Flood Insurance

Issue

The National Flood Insurance Program (NFIP) continues to be in need of further reforms and a new structure for regulatory implementation. Recent affordability concerns have forced re-examination of earlier reforms.

ABA's Position

ABA supports efforts by the Federal Emergency Management Agency (FEMA), the Administration, and the Congress to reform the NFIP. Concerns about the actuarial soundness of the NFIP, the ever-increasing cost to the U.S. Treasury of providing federal disaster relief to the uninsured, and a host of complex mapping, environmental, and floodplain management issues necessitate a wholesale reform of the NFIP. ABA believes that a necessary predicate to this reform must be the recognition that tying the mandatory purchase of flood insurance to a mortgage—and charging financial institutions with its enforcement—has failed to ensure adequate NFIP participation to the detriment of the viability of the NFIP. Thus, we urge that any reform effort end the system's dependence on bank enforcement of NFIP coverage in favor of the establishment of a new framework that promotes market options, increases the availability and affordability of coverage for all at-risk properties, and eliminates compliance burden in favor of safe and sound risk management controls. With respect to the latter, and in response to the January 18, 2011 Executive Order on Improving Regulation and Regulatory Review, ABA has urged the federal banking agencies to review the complexity and burden of compliance with flood insurance regulations as banks are increasingly required to become involved with complex insurance and flood mapping determinations.

Explanation

In July 2012, Congress reauthorized the NFIP for five years under the "Biggert-Waters" Act. The program had been operating on a month-to-month basis, with short term renewals and had been shut-down repeatedly. Reauthorization brought certainty to real estate transactions in more than 20,000 communities nationwide where flood insurance is required for a mortgage. It was a significant development for the 5.6 million business- and homeowners who rely on the NFIP, as well as U.S. taxpayers as the reforms in Bigger-Waters are intended to put the NFIP on a more actuarially solid financial footing.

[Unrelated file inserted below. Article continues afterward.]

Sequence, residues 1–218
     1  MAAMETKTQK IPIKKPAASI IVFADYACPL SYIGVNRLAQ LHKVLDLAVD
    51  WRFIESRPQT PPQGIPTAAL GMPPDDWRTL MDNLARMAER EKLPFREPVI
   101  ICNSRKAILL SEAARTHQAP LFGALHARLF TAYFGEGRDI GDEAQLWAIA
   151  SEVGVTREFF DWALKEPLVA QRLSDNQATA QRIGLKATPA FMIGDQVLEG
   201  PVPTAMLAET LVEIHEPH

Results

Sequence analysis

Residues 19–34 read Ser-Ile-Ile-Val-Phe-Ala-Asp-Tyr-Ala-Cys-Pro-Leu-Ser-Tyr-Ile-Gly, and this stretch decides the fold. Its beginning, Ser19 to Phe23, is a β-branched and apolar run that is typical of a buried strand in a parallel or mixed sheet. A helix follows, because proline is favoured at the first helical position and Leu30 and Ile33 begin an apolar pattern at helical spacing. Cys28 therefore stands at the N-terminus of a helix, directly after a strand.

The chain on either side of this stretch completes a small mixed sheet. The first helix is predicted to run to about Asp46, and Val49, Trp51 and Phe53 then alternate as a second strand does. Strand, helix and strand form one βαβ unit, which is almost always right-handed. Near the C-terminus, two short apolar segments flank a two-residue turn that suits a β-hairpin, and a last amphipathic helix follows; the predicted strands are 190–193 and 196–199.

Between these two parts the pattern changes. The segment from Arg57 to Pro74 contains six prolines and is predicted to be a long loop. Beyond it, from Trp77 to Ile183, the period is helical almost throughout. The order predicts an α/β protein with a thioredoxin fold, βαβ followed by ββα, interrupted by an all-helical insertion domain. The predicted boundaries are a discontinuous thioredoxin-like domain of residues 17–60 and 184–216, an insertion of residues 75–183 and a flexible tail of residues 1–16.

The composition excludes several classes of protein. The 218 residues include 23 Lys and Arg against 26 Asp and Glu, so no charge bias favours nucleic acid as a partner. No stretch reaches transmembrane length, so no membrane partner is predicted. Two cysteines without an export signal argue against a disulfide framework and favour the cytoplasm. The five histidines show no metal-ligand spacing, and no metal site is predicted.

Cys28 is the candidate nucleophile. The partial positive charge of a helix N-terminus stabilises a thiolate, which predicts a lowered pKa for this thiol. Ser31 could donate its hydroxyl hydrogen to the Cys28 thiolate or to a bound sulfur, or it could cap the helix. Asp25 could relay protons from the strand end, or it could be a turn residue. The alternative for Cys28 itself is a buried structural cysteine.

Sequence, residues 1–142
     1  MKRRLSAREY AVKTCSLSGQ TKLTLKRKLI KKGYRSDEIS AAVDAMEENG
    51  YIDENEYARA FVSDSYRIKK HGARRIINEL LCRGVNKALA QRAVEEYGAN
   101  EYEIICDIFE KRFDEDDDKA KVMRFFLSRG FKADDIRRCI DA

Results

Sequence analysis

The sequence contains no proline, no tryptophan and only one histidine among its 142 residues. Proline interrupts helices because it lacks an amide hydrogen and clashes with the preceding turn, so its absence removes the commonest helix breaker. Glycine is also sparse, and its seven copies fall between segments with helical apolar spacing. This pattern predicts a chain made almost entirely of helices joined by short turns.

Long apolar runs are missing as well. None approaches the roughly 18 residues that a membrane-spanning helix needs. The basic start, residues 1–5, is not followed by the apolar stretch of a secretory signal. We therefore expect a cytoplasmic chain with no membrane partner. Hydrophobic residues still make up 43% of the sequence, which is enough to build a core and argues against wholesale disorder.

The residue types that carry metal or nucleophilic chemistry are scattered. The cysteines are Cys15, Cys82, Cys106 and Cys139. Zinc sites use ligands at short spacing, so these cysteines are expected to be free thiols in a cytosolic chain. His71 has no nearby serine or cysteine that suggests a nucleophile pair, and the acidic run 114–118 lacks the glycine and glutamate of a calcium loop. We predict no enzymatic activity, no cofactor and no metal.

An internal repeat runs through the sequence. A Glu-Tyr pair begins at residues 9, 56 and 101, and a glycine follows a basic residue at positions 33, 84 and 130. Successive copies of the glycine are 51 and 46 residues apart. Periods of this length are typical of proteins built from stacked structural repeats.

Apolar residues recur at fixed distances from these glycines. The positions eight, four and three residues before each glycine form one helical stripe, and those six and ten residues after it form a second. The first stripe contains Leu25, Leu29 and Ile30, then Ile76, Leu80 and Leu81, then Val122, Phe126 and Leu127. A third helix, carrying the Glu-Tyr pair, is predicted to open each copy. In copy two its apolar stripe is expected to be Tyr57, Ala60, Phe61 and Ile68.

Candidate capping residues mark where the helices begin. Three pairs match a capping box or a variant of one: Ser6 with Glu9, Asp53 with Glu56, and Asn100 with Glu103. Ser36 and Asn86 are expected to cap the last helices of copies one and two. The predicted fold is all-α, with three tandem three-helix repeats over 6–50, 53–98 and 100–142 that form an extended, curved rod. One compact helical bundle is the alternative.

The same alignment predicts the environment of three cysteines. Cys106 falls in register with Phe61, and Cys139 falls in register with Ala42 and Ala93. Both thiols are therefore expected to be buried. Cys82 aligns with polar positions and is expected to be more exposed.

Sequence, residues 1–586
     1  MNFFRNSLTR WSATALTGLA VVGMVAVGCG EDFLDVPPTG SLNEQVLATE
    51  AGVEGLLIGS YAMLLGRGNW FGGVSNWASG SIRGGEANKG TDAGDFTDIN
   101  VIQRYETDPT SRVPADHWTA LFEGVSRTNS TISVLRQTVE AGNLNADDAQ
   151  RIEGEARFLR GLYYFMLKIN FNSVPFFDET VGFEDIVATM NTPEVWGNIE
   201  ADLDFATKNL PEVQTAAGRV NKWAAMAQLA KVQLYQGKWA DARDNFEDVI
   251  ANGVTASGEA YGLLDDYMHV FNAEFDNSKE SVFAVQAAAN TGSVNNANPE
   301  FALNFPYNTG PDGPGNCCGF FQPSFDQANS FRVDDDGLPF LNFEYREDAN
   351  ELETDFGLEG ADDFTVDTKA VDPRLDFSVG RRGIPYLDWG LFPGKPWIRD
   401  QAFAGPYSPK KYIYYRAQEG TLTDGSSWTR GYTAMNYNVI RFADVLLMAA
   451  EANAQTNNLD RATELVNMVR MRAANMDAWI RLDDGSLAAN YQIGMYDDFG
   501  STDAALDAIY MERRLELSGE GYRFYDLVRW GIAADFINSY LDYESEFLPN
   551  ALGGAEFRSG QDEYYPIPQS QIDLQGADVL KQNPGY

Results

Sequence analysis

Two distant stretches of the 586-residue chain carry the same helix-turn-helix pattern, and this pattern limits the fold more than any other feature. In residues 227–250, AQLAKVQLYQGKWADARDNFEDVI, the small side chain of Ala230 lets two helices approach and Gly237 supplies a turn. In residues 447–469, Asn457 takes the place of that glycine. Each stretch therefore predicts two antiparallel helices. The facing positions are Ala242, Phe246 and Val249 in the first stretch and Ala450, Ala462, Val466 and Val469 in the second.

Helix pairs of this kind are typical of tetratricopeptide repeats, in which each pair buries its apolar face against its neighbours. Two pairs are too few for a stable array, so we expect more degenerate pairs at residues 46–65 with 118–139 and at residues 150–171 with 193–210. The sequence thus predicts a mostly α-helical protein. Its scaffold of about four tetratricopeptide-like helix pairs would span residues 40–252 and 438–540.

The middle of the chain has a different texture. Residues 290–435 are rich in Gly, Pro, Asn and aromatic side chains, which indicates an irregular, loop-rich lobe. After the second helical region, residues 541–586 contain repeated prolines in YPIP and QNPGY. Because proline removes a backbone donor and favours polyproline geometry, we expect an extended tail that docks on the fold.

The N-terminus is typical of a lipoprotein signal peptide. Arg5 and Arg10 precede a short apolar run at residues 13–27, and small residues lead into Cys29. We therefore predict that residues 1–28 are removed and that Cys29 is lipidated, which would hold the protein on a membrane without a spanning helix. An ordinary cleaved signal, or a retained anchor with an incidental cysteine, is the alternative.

In addition to reauthorization, Biggert-Waters phases-out subsidized flood insurance rates for non-primary residences, commercial properties and severe repetitive loss properties. The law also immediately eliminates subsidies upon the sale of a property or if a flood insurance policy is permitted to lapse. Finally, Biggert-Waters phases out “grandfathered” status. Formerly, properties built before flood maps existed or those built in conformity with older flood maps continued to pay premiums based on the old maps, even when new maps are issued. Biggert-Waters phases out grandfathered status; when new maps are issued, all premiums will reflect the risk of flooding under the new maps. The law also directed FEMA to report on the affordability of these reforms so Congress could consider the impact as they took effect. That Congressionally mandated report is now overdue.

To address affordability issues triggered by the 2012 Biggert/Waters reforms and FEMA remapping, on March 4, 2014, the House of Representatives passed a bill supported by ABA, HR 3370, the Homeowner Flood Insurance Affordability Act, which amends the Biggert-Waters Flood Insurance Reform Act of 2012 (BWA).  The Senate passed language that is identical to HR 3370 by a vote of 72 to 22 on March 13, 2014 and the President signed it into law on March 21st.

Of immediate interest to our members is the fact that HR 3370 amends BWA’s escrow provision, extending the effective date from July 6, 2014 to January 1, 2016 and making other clarifications about the loans that Congress intended to be subject to BWA’s mandatory escrow requirement.

For an initial analysis of HR 3370 and its likely impact on NFIP compliance please go to ABA Staff Analysis.

 

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